FACTS ABOUT WHITEFIELD & CALHOUN
The Negro / African Burial Ground in Savannah was designated in 1763 and was closed in 1850. The burial ground was the only place Black people were legally allowed to be buried. In 1850 the burial ground was redesigned as Whitefield Square and Calhoun Square. The Savannah Municipal Archives only has records of approximately (27) bodies that were removed from the burial ground.
Reverend George Whitefield
1. Whitefield was a wealthy English Anglican cleric, a Founder of the Methodist Church, and an evangelist.
2. 1740’s: Whitefield became the owner of the Providence plantation in South Carolina and became a slaveholder.
3. 1748 - 1750 Whitefield was the primary person who lobbied the Georgia Trustees to overturn its ban on slavery in Georgia.
4. Whitefield viewed the work of slaves as being essential for both the financial prosperity of Georgia and his Bethesda Orphanage in Savannah.
5. 1751 Georgia legalized slavery.
6. The children and adults residing at the Bethesda Orphanage were enslaved people owned by Whitefield.
7. 1770 Whitefield died and bequeathed 50 slaves to Countess Huntingdon. The slaves were never emancipated.
*Source: University of South Carolina, South Carolina Encyclopedia, Inventing George Whitefield: Race, Revivalism, and the Making of a Religious Icon.
John C. Calhoun
1. Calhoun was a South Carolina politician who served as Secretary of War, Secretary of State, Senator of South Carolina, and Vice President.
2. Calhoun was a pro-slavery politician and a slave owner.
3. Calhoun was one of the leading voices inciting terrorism, oppression and genocide against Black and indigenous people in America.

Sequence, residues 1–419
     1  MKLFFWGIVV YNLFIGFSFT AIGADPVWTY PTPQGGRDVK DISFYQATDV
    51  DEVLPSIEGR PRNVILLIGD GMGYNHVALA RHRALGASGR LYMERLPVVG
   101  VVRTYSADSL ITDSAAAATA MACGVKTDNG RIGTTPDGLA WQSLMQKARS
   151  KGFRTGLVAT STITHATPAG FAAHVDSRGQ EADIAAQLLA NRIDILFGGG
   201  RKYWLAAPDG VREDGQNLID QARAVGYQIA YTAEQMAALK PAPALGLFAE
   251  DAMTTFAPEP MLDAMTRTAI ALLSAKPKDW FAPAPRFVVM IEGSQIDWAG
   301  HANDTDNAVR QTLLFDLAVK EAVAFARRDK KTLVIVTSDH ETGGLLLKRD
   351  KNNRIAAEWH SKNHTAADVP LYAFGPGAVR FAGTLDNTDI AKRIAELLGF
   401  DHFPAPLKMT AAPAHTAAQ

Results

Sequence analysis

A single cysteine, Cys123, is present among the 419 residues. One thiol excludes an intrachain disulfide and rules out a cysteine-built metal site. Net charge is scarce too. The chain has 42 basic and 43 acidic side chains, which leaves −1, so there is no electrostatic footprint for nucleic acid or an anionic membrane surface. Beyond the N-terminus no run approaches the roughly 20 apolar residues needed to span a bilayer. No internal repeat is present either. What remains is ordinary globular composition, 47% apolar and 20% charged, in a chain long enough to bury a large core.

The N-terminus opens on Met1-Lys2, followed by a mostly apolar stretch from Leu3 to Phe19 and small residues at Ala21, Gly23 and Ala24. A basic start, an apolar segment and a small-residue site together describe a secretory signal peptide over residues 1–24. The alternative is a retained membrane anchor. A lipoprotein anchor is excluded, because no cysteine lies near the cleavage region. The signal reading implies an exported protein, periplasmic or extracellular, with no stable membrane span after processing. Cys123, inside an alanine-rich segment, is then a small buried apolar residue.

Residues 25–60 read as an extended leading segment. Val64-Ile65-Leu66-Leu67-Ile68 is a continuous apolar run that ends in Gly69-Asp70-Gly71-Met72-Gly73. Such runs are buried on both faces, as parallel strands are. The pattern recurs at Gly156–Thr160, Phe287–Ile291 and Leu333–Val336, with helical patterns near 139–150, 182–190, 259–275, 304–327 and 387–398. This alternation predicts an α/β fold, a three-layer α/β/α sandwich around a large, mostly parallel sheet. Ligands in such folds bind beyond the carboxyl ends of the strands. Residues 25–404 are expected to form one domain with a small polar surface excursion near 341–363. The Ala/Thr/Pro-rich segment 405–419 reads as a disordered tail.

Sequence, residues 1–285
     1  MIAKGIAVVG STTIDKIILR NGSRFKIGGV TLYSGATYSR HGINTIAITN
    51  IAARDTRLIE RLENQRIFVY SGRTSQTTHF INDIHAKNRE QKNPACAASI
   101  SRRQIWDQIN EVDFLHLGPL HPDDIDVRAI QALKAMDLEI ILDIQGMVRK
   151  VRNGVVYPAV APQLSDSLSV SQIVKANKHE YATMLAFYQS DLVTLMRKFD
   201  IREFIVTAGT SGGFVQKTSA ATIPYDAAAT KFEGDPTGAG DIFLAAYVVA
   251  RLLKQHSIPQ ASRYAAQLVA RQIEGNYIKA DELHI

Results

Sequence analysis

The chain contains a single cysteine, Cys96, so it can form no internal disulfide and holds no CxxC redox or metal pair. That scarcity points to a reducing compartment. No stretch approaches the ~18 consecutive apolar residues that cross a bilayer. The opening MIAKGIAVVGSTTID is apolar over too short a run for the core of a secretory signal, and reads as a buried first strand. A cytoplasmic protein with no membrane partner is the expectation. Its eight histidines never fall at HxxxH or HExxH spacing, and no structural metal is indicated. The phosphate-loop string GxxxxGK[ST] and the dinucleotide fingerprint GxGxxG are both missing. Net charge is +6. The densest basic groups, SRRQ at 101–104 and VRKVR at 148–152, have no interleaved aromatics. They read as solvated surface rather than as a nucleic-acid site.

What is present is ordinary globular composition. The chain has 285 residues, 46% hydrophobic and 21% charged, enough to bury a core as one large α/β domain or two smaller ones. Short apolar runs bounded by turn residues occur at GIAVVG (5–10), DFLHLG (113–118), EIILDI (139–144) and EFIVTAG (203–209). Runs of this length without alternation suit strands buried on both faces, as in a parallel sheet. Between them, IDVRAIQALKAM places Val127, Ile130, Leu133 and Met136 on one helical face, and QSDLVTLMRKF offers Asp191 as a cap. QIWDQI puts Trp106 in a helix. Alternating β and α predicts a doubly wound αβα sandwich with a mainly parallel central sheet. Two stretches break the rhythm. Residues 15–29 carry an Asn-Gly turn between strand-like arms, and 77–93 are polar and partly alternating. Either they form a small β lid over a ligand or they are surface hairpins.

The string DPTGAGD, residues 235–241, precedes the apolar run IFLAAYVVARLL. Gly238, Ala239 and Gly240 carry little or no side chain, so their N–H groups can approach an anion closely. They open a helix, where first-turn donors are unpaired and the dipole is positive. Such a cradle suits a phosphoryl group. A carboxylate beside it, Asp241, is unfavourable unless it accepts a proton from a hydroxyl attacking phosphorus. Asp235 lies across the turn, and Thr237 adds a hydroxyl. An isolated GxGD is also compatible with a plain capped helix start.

4. History scholars consider Calhoun to be the philosophical architect of the Civil War.
5. 1825 Calhoun opposed the U.S. diplomatic recognition of Haiti.
6. 1827 Calhoun created the nullification theory.
7. Calhoun created the States Rights philosophy.
8. 1830 Calhoun created the Indian Removal Act / The Trail of Tears. 60,000 Native Americans were marched by force from their land to create cotton plantations.
9. 1847 Calhoun supported the annexation of Texas to become a new slave state.
10. 1850 Calhoun opposed abolishing the slave trade in Washington D.C.
11. In 1850 Calhoun opposed admitting California into the Union as a free state.
12. 1850 Calhoun called for the secession of the Southern states from the Union.
*Source: United States Senate
John C. Calhoun’s name and monuments have recently been removed from major institutions including: Yale University (CT), Clemson University (SC), Lake Calhoun (MN), Marion Square (SC).
* During the Capitol building riot on January 6, 2021, a man entered the building carrying the Confederate flag. He was photographed standing in front of the painting of John C. Calhoun.